At a glance.
- The possibility of double-extortion in the Kaseya ransomware attack.
- Nine malicious apps ejected from Google Play.
Is double-extortion a possibility in the Kaseya ransomware attack?
As details continue to unfold in the developing story of the ransomware attack on Kaseya’s VSA infrastructure management product, all signs indicate that the infamous REvil ransomware gang are behind the incident. Though the threat actors are currently negotiating ransom requests with the victims and have not (yet) threatened to release any exfiltrated personally identifiable information, this tactic remains a possibility, as REvil has been known to use this extortion method in the past. NPR reported in June that the Federal Bureau of Investigation confirmed REvil was at the helm of the recent attack on global meat-processing giant JBS, and that the hackers had exfiltrated data from JBS’s servers. While no stolen JBS data have yet been released, a REvil member who calls himself "UNKN" stated in an October interview that the gang would sell off sensitive data stolen from targets who refused to pay up. And as JBS agreed to pay REvil an $11 million ransom, there’s no telling what might have happened if JBS had refused to comply. (A general account of the incident is available from the CyberWire.)
Nine malicious apps found on Google Play.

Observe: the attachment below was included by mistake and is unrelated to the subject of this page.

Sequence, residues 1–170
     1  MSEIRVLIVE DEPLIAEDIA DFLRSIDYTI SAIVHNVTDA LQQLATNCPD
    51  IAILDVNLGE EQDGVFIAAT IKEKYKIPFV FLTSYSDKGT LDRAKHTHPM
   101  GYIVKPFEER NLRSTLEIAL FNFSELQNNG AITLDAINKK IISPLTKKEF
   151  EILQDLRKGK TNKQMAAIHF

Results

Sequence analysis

Computing reports that Google has removed nine apps from the Google Play store that were found to be stealing users’ Facebook login credentials. Though the apps offered fully functioning, seemingly harmless services like photo-editing, astrology, and fitness, researchers at the antivirus firm Dr.Web discovered that they were actually Trojans in disguise. Upon download, the apps directed users to access their Facebook accounts in order to secure special in-app features and turn off ads, presenting users with a malicious page masquerading as a convincing Facebook login form. After the credentials were submitted, the Trojans also pilfered cookies from the current session. What’s more, with 58 million downloads between them, the apps were extremely popular. Ars Technica adds that, in addition to removing the apps, Google Play also banned the developers from submitting future apps (though the perpetrators could easily get around this by signing up for new developer accounts under false identities).